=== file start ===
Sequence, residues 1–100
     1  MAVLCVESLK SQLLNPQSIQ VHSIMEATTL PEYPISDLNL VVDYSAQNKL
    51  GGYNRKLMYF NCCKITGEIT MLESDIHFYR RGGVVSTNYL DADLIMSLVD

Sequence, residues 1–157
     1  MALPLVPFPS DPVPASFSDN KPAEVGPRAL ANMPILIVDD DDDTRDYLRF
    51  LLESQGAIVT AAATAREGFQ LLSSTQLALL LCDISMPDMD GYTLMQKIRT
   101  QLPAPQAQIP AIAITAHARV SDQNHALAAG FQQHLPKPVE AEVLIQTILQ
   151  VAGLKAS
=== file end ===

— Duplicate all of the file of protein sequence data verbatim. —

Sequence, residues 1–100
     1  MAVLCVESLK SQLLNPQSIQ VHSIMEATTL PEYPISDLNL VVDYSAQNKL
    51  GGYNRKLMYF NCCKITGEIT MLESDIHFYR RGGVVSTNYL DADLIMSLVD

Sequence, residues 1–157
     1  MALPLVPFPS DPVPASFSDN KPAEVGPRAL ANMPILIVDD DDDTRDYLRF
    51  LLESQGAIVT AAATAREGFQ LLSSTQLALL LCDISMPDMD GYTLMQKIRT
   101  QLPAPQAQIP AIAITAHARV SDQNHALAAG FQQHLPKPVE AEVLIQTILQ
   151  VAGLKAS